And yes, I said it.  I’m not the biggest fan of Hal.  I’m on team Hotspur, because Hotspur is a badass of the old Talbot school of badassery.  Also, he’s just the more interesting character to me; he’s the one I’d want to play if I ever got the chance.  But despite being a superior warrior, Hotspur still dies at the hands of Henry, and the prince apparently gains his powers.

"Percy is but my factor, good my lord, To engross up glorious deeds on my behalf"

We see Hotspur throughout the play, usually in contrast what Hal is doing at the Tavern.  While Hal has his bickering bromance with Falstaff, young Percy Hotspur has a tumultuous relationship his loving wife.  Those scenes require a great deal of chemistry to pull off, because there is a huge amount of love underneath their frustrations with each other.  Hotspur leaves a party in a huff because Lady Percy won’t share her beautiful singing voice with the others in the room.  And earlier, she has her famous monologue about Post Traumatic Stress Disorder.

"In thy faint slumbers I by thee have watcht And heard thee murmur tales of iron wars; Speak terms of manage to thy bounding steed; Cry, 'Courage, to the field!'"

It’s a beautiful scene, if not sad (Act II, scene iii, if you’re curious), and wonderful evidence of the Bard’s genius.  PTSD as we now understand it wasn’t even recognized until 1980, and was popularly regarded as a shameful or cowardly condition in the centuries before; something that affected the weak-minded grunts, not heroes.  So when Shakespeare inflicts that sort of psychological trauma on “this all-praised knight,” there is something profound being staged.  Compared to those earlier plays, where Shakespeare questions how morality and religion function in the immorality of politics, he is starting to question the very nature of heroism more and more.

Which brings me to “That villainous abominable misleader of youth, Falstaff, that old white-bearded Satan,” who is in fact a knight in the army, in service under Prince Hal.  In the last half of the play, we witness Falstaff in wartime, where he commits the horrific act of selling out service in his unit: the wealthier troops are able to bribe him and get pardoned from service in the war.  He then replaces their ranks with the poor and elderly and otherwise unfit for survival.  When the prince comments on these “pitiful rascals,” Falstaff retorts: “Tut, tut; good enough to die; food for powder, food for powder; they’ll fill a pit as well as better.” Seriously?  They’re all going to die anyways, might as well be poor people?  Fucking fat men.  Though horrifying and poignant for Shakespeare to show onstage, it is a return to the pitch black humor of Jack Cade of Henry 666.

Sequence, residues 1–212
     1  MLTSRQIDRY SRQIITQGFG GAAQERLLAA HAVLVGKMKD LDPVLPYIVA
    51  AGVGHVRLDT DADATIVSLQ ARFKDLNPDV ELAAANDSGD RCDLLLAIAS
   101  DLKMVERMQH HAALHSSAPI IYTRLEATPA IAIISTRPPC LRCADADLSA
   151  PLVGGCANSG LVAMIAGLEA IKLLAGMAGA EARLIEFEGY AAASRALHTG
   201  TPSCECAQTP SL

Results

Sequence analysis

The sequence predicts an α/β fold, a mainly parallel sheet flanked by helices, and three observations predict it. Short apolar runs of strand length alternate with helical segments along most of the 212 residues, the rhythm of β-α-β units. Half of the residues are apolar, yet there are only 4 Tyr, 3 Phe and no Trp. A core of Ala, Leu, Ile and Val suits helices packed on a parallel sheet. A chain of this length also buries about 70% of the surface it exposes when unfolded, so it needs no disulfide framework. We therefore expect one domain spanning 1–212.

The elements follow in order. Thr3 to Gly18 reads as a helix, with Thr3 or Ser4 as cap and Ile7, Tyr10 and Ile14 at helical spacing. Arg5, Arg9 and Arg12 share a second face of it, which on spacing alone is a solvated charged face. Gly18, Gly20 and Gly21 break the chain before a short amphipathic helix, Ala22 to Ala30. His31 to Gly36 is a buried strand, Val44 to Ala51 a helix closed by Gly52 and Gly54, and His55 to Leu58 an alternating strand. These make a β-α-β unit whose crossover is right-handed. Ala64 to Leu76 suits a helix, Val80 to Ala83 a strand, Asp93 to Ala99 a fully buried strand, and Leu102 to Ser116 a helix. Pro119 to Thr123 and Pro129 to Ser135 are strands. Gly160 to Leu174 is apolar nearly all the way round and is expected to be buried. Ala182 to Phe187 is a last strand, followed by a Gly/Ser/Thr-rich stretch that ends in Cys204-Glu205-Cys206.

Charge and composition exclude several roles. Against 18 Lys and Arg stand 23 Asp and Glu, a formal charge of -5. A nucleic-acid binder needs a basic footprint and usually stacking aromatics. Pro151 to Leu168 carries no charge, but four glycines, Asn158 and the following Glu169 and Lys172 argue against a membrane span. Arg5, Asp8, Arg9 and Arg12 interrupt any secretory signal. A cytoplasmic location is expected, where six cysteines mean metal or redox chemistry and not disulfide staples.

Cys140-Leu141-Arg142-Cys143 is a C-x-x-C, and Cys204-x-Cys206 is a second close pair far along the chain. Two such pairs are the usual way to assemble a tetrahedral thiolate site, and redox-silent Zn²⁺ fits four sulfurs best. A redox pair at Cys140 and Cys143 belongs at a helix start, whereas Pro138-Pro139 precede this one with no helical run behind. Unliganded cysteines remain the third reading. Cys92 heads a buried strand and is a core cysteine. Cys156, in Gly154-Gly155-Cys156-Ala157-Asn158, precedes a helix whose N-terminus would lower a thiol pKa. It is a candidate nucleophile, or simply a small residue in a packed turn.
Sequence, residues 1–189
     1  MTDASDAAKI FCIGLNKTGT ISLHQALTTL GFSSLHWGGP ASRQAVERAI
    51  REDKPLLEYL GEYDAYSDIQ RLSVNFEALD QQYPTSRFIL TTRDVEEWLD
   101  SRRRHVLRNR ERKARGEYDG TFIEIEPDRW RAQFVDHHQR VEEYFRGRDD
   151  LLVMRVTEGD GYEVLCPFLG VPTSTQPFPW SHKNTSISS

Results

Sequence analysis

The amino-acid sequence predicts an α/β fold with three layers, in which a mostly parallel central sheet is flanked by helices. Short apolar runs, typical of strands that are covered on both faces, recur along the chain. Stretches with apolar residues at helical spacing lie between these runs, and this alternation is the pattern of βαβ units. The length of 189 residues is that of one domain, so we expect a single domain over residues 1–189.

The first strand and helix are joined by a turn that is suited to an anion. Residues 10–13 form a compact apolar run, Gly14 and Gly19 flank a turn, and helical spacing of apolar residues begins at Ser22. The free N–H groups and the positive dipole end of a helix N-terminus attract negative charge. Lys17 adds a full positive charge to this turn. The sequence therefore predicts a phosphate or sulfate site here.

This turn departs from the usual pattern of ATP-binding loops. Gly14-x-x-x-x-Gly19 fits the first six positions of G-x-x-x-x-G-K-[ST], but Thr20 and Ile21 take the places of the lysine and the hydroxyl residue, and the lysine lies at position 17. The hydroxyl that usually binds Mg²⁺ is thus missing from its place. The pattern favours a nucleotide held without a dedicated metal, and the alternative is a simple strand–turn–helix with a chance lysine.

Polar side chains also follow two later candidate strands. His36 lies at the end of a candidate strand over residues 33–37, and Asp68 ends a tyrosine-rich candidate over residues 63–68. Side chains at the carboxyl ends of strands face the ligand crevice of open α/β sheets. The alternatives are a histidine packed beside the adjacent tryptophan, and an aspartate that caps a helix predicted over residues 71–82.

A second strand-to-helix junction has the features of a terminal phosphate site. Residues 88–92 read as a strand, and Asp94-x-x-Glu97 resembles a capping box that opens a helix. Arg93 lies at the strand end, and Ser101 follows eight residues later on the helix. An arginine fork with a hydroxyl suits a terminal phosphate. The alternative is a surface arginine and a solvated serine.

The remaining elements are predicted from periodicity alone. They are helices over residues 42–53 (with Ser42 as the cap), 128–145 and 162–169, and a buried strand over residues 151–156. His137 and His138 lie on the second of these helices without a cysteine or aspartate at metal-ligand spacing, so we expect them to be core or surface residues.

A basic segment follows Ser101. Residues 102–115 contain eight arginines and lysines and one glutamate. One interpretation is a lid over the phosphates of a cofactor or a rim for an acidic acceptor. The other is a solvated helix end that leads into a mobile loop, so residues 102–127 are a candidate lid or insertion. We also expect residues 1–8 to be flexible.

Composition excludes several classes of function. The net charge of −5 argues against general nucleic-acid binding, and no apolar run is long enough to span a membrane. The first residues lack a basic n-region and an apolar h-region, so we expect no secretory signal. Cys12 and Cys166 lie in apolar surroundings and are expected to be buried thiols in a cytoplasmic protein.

So yeah: Falstaff isn’t that sympathetic of a character, in my mind.  I actually think he’s kind of horrible.  He just bitches and blames everyone else for his own problems.

Like the Fat Holden Caulfield

Curiously enough, he is also where we get that useful phrase, “The better part of valour is discretion.” This comes after Falstaff fakes his death mid-battle by hiding in a pile of dead bodies.  This is the exact same tactic that Cillian Murphy’s character uses in 28 Days Later so he can escape and return to murder the rapacious soldiers, in case you were curious.  But while there is some wisdom in Falstaff’s tactics, I can’t help but be disgusted by it.  At one point, Hal has been disarmed and comes to Falstaff to re-arm.  Falstaff refuses to offer his sword, but does offer a pistol case filled with booze.  It’s a funny scene, and the dynamic is entertaining, but I can’t shake the feeling that Falstaff’s grotesque brand of heroism is the one prevalent in real life.  The higher heroism, the badass plays-by-his-own-rules heroism that we are sold by popular entertainment, is embodied by Hotspur who gets killed by some brat in battle.

It’s sad, really, and it’s actually put me in somewhat of a bad mood.  So, to cheer myself up, I will end this post with one of Hotspur’s cooler lines, which he delivers on the eve of battle:

“Doomsday is near; die all, die merrily.”

Next week, get ready for Part II.

3 Responses to “Henry the Fourth Part I”
Check out what others are saying...
  1. […] produced; Shakespeare’s history plays routinely rewrite timelines, invent characters like Falstaff in the heart of historical drama, and at one point Joan of Arc even summons demons.  So […]

  2. […] this play, Cymbeline, doesn’t really have much to say or do.  And I don’t mean like Henry IV or the First Part of Henry VI where the focus frequently leaves the political leader’s stage […]

  3. […] of war and I don’t think it should be ignored here.  In some ways, Hamlet has resemblance to Prince Hal, pursuing a plot that has absolutely nothing to do with the warlike politics raging around his King […]